Some of you might have missed my previous rant party pertaining laboratory animals. You’re in luck, because I’m not going to moan and bi*ch about the hypocrisy. Instead, I’ll try to convince my readers that what we do in the lab is actually useful-if not to save life on Earth, but perhaps to understand principal mechanisms in animal physiology.
Today was very interesting. We used toad’s nerves to see how they act. A contraption used for this experiment is called a “nervebox”. I gave up my search after about 10 minutes. Google finds nothing. I’ll have to leave you with a crude description.
Main components of nervebox are horizontally placed rostfrei, or in our case, Ag/AgCl electrodes arranged in orderly fashion with fixed distance in between. They serve as a “bed” where the nerve lies longitudinally. By hooking amplifier or stimulator to different electrodes, you can regulate the distance between stimulation/reading (with amplifier). This serves us well when when measuring AP (action potential) speed along the nerve fiber (more about this later).
Ok, to the juicy part.
Here’s a graph we made with a program called Scope. If you stimulate the nerve at any decent frequency, you get a nice sample that you can overlay with previous measurements, leaving you with some nice curves (picture). In this exercize, we experimented how many volts excites a fiber to generate AP. It turns out that in our case, we used about 0,18 V (small curve barely visable). With increasing voltage, we got a graded response up to about 3-4 V, showing that fiber don’t respond in “all or none” manner. Threshold needed to start depolarization and subsequent formation of AP is about 0,18 V. Too bad I can’t go into details how we think cells integrate, sum and pass information on. Perhaps at a later date.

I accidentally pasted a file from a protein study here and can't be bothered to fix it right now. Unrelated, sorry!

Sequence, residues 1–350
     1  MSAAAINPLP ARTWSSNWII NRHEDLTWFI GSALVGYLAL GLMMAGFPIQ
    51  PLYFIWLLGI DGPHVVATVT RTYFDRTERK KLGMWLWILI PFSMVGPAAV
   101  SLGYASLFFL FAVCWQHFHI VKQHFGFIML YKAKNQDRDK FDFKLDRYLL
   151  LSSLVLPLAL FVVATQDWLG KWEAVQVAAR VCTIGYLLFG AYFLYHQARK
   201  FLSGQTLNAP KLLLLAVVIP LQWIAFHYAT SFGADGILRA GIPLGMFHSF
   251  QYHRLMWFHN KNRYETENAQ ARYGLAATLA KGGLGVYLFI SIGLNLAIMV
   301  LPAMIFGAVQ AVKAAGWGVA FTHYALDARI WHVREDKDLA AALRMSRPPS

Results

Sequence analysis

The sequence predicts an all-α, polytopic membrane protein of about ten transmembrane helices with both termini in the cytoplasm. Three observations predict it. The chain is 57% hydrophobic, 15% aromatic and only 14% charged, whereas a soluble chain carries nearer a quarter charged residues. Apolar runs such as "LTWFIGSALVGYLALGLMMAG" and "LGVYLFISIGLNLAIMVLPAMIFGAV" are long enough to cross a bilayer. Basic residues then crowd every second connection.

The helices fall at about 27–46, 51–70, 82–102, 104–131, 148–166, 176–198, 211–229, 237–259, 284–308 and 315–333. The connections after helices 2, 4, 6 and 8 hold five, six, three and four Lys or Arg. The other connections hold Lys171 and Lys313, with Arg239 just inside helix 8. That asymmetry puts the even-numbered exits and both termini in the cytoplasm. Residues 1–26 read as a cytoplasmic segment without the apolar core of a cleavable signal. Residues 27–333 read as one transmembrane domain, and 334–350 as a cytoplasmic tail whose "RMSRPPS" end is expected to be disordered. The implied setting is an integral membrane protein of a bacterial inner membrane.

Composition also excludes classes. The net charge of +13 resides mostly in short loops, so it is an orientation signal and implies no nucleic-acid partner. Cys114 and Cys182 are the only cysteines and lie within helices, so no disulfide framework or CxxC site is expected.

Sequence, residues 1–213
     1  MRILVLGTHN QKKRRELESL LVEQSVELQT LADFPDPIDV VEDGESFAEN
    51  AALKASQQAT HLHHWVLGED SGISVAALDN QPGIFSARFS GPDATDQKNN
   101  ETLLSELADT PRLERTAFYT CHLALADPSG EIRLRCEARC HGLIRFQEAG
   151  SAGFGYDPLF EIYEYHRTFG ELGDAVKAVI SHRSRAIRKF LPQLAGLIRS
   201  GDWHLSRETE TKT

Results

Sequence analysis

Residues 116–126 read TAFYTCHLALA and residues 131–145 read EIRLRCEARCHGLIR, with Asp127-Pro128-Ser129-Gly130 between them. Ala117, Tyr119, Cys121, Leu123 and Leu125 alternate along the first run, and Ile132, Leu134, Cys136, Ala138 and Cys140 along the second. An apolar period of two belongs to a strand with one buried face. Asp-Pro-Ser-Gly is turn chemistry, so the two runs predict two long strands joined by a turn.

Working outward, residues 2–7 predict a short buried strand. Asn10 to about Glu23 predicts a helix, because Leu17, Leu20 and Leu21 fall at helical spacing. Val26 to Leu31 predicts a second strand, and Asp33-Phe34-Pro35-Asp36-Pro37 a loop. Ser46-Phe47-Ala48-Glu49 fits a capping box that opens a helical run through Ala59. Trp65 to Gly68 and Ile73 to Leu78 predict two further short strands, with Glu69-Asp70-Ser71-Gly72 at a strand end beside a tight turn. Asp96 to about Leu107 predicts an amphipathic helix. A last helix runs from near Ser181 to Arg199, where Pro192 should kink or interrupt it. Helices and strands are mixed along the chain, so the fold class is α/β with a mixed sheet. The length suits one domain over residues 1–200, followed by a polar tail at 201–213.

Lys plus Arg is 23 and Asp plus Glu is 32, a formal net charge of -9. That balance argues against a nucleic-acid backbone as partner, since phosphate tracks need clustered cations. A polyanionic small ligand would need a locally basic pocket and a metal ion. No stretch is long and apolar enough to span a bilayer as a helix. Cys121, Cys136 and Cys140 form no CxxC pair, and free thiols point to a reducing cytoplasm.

In this next experiment, we measured speed of AP along the fiber. By placing electrodes in different positions (lenght) and substracting s2 - s1 and t2 - t1 between two APs, you get speed (v = s/t). Our results are about 33 m/s, probably a bit high due to reading/sampling errors. AP speeds in frog nerve fibers (at room temp) are about 25 m/s, which is about 90 km/h. The bigger the fiber diameter, faster they conduct APs (remember giant squid axons?).